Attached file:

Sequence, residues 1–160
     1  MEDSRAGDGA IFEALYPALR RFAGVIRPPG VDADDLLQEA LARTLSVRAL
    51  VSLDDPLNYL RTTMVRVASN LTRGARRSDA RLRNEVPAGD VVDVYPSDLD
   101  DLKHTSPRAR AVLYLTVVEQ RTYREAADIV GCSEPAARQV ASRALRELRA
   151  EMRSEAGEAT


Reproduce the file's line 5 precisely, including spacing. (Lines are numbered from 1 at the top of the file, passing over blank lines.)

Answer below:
   151  EMRSEAGEAT